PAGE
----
FORT WORTH, Oct. 8 - After nine months and 10 races all over the country, it has all come down to just one point. Robby McGehee leads Scott Harrington by one point in the battle for the $50,000 Sprint PCS Rookie of the Year...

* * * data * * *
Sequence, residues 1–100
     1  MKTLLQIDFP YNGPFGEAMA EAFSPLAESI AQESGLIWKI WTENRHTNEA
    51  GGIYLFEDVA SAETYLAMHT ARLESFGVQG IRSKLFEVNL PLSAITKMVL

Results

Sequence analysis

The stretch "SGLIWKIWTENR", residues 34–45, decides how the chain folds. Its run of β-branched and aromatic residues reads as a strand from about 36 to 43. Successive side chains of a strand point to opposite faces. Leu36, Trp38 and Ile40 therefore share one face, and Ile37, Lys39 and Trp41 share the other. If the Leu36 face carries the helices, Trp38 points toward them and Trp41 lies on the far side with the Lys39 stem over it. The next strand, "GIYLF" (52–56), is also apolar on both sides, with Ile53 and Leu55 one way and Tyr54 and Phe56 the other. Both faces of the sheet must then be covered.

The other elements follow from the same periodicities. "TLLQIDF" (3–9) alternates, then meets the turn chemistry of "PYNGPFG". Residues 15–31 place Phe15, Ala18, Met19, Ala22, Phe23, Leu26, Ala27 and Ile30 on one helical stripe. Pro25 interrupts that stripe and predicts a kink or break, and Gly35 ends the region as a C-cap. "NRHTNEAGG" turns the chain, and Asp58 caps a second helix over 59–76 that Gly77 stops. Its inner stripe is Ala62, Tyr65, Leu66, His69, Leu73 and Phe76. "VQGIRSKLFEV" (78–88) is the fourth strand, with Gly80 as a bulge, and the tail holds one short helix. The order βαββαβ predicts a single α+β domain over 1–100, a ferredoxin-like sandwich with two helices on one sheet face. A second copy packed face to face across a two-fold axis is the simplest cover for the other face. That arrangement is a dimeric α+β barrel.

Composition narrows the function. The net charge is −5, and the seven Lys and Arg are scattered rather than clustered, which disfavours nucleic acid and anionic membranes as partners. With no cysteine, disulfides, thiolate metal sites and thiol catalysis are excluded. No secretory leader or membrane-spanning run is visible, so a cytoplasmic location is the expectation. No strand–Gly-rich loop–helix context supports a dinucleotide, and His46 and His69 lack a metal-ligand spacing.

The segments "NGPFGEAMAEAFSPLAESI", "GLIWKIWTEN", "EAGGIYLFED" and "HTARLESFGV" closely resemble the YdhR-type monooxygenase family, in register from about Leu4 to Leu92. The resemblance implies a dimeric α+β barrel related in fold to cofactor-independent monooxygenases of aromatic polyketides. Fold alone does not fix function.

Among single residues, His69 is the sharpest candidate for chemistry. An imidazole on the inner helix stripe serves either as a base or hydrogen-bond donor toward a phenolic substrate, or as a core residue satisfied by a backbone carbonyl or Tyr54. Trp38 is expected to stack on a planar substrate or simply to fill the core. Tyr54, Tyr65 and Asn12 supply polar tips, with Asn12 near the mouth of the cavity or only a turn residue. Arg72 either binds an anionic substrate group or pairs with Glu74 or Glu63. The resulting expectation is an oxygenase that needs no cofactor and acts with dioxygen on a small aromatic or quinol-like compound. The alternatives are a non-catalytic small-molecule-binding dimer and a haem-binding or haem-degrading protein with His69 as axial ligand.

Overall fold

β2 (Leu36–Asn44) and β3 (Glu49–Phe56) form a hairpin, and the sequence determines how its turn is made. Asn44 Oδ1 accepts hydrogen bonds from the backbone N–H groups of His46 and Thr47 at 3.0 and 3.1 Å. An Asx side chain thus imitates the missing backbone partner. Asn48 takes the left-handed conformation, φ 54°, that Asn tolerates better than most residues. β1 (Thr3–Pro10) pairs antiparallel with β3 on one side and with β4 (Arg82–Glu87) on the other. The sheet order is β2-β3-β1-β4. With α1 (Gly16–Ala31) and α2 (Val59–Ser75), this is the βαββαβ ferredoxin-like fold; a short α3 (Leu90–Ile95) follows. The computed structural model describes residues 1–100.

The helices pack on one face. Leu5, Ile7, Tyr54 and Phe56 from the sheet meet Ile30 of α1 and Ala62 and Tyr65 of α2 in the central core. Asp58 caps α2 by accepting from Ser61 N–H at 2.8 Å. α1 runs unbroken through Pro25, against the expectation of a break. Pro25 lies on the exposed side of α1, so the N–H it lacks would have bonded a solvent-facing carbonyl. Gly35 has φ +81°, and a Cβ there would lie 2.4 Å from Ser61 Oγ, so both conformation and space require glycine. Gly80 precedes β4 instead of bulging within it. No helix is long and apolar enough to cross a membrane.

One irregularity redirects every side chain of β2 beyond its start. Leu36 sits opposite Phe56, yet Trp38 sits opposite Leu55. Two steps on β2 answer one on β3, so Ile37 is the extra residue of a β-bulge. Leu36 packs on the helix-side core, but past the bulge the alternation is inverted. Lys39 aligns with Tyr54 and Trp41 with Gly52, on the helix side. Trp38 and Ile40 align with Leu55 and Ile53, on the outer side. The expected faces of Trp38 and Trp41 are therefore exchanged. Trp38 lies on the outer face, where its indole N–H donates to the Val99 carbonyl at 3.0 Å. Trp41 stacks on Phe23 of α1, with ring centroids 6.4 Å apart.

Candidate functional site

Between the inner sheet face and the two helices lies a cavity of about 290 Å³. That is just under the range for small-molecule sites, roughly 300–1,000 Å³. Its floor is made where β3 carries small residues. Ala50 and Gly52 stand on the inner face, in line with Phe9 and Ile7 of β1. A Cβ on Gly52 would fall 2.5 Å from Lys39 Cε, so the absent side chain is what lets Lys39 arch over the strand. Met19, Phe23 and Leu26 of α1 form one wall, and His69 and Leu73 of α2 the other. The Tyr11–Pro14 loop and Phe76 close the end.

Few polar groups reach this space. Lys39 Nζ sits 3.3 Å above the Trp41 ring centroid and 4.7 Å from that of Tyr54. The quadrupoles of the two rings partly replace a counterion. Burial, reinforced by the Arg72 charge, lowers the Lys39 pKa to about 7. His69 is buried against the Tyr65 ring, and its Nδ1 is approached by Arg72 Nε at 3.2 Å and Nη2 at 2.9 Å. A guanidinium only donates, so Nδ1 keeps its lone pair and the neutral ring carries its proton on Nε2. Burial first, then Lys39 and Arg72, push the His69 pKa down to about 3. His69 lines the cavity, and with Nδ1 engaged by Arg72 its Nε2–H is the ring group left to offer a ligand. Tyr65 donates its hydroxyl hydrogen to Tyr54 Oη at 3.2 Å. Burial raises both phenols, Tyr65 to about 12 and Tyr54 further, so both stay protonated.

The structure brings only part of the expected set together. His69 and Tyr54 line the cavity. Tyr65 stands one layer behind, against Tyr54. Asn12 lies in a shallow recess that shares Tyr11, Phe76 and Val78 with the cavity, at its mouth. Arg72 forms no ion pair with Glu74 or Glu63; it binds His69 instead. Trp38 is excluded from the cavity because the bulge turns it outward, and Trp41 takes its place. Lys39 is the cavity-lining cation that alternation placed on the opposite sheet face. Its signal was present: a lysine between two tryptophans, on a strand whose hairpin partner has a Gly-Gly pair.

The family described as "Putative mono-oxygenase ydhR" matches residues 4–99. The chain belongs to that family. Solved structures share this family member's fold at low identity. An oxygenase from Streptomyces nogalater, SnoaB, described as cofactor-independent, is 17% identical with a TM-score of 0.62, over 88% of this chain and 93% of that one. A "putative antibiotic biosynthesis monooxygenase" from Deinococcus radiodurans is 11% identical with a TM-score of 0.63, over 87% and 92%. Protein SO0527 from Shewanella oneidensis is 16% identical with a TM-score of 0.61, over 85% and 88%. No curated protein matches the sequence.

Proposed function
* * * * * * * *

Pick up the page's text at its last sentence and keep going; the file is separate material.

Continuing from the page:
FORT WORTH, Oct. 8 - After nine months and 10 races all over the country, it has all come down to just one point. Robby McGehee leads Scott Harrington by one point in the battle for the $50,000 Sprint PCS Rookie of the Year Award in the Pep Boys Indy Racing League, making this year's rookie competition one of the closest in motorsports history. Like gunslingers squaring off, they'll settle who gets the award at the checkered in the Mall.com 500 season finale Sunday, Oct. 17 at Texas Motor Speedway. Harrington, driver of the CertainTeed Dallara Aurora, has been leading the point standings in the rookie wars off and on all season. Fifty-five points are up for grabs at each race and McGehee currently has 138 points to Harrington's 137. Standing just a little left of the limelight are Jaques Lazier (118 points) and John Hollansworth Jr. (116 points), either of who could go home with the top rookie prize should McGehee and Harrington have trouble at Texas. The rookie graduating class of the '99 Pep Boys IRL series is a stellar one, and the top rookie award for the series is certainly foremost in Harrington's mind. He was not eligible for any rookie awards at Indy since he competed in the Indy 500 in 1996, finishing 15th. McGehee won the 500's top rookie prize this May, and Hollansworth had been honored earlier that month for being the race's fastest rookie in qualifying. "It would mean a whole lot to win it, both financially and for our morale," Harrington says. "We've had a pretty unlucky season this year, so to manage to win the Sprint PCS Rookie of the Year Award would be great. "You only have one chance to be the Rookie of the Year," the Indianapolis-based driver points out. "You can win multiple championships during your Indy car career, but you can only be Rookie of the Year once. It's definitely something we'd like to take home both for Harrington Motorsports and for CertainTeed." Considering that Harrington and his father, Gene, didn't even decide to form their own team until the Christmas holidays, their accomplishments this year have been nothing short of amazing. Harrington, the 1992 Shelby pro Can-Am champion, had only been in three other Indy car races prior to this year in his career, which began with motocross events at the age of 13. The first was a CART event at Road America in 1989. The second was the 1996 Indy 500. The third only counts when doing the statistics, as he started the injured Eliseo Salazar's car at Dover, Del., last year just so Salazar's team could pick up the money a team gets to take the green flag. Only 25 days after making the decision to strike out on their own after a deal with another team failed to materialize, the Harrington Motorsports entry took the green flag at the 1999 season opener at Walt Disney World Speedway Jan. 24. Mechanical problems ended the team's day early, but the very next race, only Harrington's fourth Pep Boys IRL event ever and the team's second, he qualified eighth and finished fifth at Phoenix. "When you finish in the top five in your second race, that's a testament to the job that the entire team is doing," Harrington notes modestly. "This year has been a learning process for everybody involved, but the CertainTeed team is a great one. I think my guys are the best guys out there." After the disappointment of missing the 1999 Indy 500 due to mechanical problems and rain, Harrington's season suffered another setback when a wheel broke in practice at the first Texas race in June, sending the car into the turn-two wall at over 200 mph. Harrington suffered broken bones in both legs, a broken foot, broken ribs and other injuries in that crash, and went home with a broken body, a broken car and more bills instead of a big paycheck. Instead of lamenting his situation he gritted his teeth, used crutches to hobble over to his car, and almost won the next race. He was running third at Pikes Peak International Raceway in Colorado with just 17 laps to go when he had trouble lapping another competitor and brushed the wall, postponing his hopes for his first Pep Boys IRL victory until another day. The mount on one of his mirrors broke at the start of the race at Atlanta, causing him to drive almost blindly at over 200 mph with his fellow competitors and the wall just inches away. He relied on his spotter's instructions over the radio and soldiered on until the mirror was repaired at the halfway point, and he worked his way up through the field twice before finishing 15th. He had two strong sixth-place finishes at Dover, Del., and the second race at Pikes Peak in August, and the whole team was buoyed by the fact that the CertainTeed #66 was the fastest car in every practice session at the latter race. He was sixth-fastest in practice at Vegas in September but spun on the first lap of the race and hit the wall. The CertainTeed crew had him back on the track about a half-hour later and he wound up 14th. Some of Harrington's results do not show how fast he was running at most of the Pep Boys IRL races this year, but insiders predict that the day everything falls in place for Harrington is right around the corner. That can't come too soon for Harrington. "We should have won a race by now this season," he says. "The race coming up at Texas is our last shot to win a race in 1999, and we're going to give it our all. The competition is so tight in the Pep Boys Indy Racing League that any number of drivers could win each race, but I think the CertainTeed team has as good a shot as any team out there to win."